Agribusiness Training and Certificate Program Information

Agribusiness, also known as agricultural business, is the study of business management in relation to farming. The study of agribusiness involves many different aspects of the field, such as distribution, marketing and retail sales.

Essential Information

Students with an interest in agribusiness have many educational options with certificate programs as well as associate and bachelor's degree programs in the agricultural industry. Some programs may offer online study opportunities. All require a high school diploma.

Certificate programs are generally short in length, only 1 to 2 semesters. Students explore animal and plant science and crop fertilization principles. Graduates may be prepared for careers such as sales specialists or farm administrative assistants.

Associate's degree programs may emphasize soil science and farm resource management. Students learn to become entrepreneurs in the field of farming. Some schools offer courses fully or partially online. An associate degree program typically takes two years to complete.

Students of bachelor's degree programs could learn about topics such as personnel management and agricultural development. Some bachelor's degree programs in agribusiness allow students to choose a concentration, such as general farming management or animal science. Professionals in the field may benefit by completing the program through online learning. An internship may be included in the curriculum.

  • Program Levels: Certificate programs; Associate degree in agribusiness; Bachleor's degree in agribusiness
  • Program Length: One to two semesters for certificate programs; Two years for associate degree programs; Four years for bachelor's degree programs
  • Online Availability: Coursework offered online though some programs and universities
  • Prerequisites: High school diploma or GED

Certificate Programs in Agribusiness

Certificate programs in agricultural business require applicants to have a high school diploma or a GED. A certificate in agribusiness is usually sufficient to gain entry-level employment or transfer into a degree program in agribusiness or a related discipline. Common topics covered in a certificate program include farm management, employee and labor issues, accounting, marketing and legal subjects. Additional coursework may include:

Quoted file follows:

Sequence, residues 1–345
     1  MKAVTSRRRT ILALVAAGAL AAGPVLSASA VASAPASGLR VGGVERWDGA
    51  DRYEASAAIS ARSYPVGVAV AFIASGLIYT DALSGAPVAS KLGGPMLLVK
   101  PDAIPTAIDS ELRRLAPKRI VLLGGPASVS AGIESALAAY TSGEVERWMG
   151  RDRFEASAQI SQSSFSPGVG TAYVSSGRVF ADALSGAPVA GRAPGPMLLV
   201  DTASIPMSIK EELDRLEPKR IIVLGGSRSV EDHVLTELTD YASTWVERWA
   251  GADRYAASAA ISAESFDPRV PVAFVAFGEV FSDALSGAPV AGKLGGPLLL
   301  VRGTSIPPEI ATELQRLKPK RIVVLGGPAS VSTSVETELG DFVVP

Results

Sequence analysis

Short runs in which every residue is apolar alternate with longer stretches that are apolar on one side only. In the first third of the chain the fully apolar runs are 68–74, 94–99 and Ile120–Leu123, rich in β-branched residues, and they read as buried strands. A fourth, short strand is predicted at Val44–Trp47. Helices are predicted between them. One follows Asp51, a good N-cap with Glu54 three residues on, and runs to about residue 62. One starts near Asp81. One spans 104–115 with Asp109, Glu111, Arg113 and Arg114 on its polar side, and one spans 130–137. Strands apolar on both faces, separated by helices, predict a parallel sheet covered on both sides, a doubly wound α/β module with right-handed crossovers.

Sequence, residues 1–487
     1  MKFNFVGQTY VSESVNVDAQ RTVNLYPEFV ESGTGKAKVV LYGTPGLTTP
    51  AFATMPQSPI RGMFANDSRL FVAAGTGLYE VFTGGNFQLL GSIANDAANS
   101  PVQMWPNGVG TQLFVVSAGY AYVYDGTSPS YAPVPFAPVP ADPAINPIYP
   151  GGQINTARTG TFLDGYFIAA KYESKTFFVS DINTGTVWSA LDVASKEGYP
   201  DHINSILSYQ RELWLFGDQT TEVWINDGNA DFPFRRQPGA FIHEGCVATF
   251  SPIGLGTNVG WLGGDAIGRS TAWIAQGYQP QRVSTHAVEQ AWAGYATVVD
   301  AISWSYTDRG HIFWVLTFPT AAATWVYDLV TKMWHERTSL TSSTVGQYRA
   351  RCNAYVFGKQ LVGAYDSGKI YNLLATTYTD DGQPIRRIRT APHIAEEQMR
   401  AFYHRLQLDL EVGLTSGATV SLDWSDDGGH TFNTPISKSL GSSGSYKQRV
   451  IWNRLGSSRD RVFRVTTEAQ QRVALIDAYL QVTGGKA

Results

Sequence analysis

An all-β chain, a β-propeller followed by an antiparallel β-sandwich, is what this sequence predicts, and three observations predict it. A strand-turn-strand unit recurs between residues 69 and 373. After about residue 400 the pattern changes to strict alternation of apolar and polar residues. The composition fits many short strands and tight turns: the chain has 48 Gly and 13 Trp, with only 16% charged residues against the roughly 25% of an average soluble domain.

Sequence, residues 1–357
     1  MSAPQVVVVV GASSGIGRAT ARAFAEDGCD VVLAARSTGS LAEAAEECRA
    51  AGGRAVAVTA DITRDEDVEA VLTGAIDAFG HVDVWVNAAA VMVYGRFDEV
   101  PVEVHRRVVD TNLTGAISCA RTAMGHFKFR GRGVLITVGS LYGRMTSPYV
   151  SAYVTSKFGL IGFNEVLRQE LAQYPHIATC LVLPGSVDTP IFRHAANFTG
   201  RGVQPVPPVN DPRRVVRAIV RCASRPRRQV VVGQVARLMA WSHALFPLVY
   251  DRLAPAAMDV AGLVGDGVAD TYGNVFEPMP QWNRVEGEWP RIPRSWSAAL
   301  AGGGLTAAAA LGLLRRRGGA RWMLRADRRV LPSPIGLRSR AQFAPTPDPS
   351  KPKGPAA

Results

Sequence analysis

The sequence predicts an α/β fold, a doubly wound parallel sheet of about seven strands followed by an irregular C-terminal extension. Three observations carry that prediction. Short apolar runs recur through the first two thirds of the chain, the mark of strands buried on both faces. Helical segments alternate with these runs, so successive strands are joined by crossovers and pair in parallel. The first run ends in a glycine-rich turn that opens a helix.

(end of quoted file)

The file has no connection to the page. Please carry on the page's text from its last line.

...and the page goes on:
• Crop fertilization
  • Agribusiness industries
  • Animal and plant science
  • Conserving natural resources

Associate Degree Programs in Agribusiness

A 2-year associate degree program in agribusiness combines the study of agricultural science with business management training. Courses in an associate degree program provide foundational business skills attributed to farming and agricultural industries. General education is also a common component of a curriculum. Some course topics may include:

  • Science of soil and crops
  • Accounting strategies
  • Technology in agribusiness
  • Farm resource management
  • Economic impacts on agriculture

Bachelor's Degree Programs in Agribusiness

In a bachelor's degree program in agribusiness, students usually apply learned skills in a practical setting through work co-op or internship opportunities. Many programs also offer research opportunities and hands-on experience in greenhouses, agriculture offices and farming environments. Course topics include:

  • Environmental issues
  • Agricultural commodities
  • Sales, marketing and distribution
  • Managing personnel
  • Agricultural development and research

Employment Outlook and Salary Information

According to the U.S. Bureau of Labor Statistics, employment is anticipated to decline steeply for farmers, ranchers and agricultural managers and workers during the 2012-2022 decade, largely due to technological improvements in farming equipment and the increasing ability to produce more crops with fewer workers. However, due to greater awareness and regulations regarding food safety, agricultural and food scientists are expected to see 9% growth in employment, and positions for agricultural and food science technicians are expected to increase by 3%.

As of May 2014, the BLS reports that general farmworkers and laborers bring in a median salary of $19,060 per year, while farmers, ranchers, and other agricultural managers earn a median annual income of $68,050. Additionally, soil and plant scientists bring in a median of $59,920 per year.

Continuing Education

Graduates with a bachelor's degree in agribusiness may choose to enter the profession immediately; however, earning a master's or doctoral degree in agribusiness may increase employment and salary opportunities. Master's degree programs typically offer concentrated studies in management techniques and business practices in farming, livestock management and crop control. Doctoral programs provide a focus on research and the economics of agribusiness. Those with a graduate degree may also choose to teach in the field at secondary and postsecondary schools.

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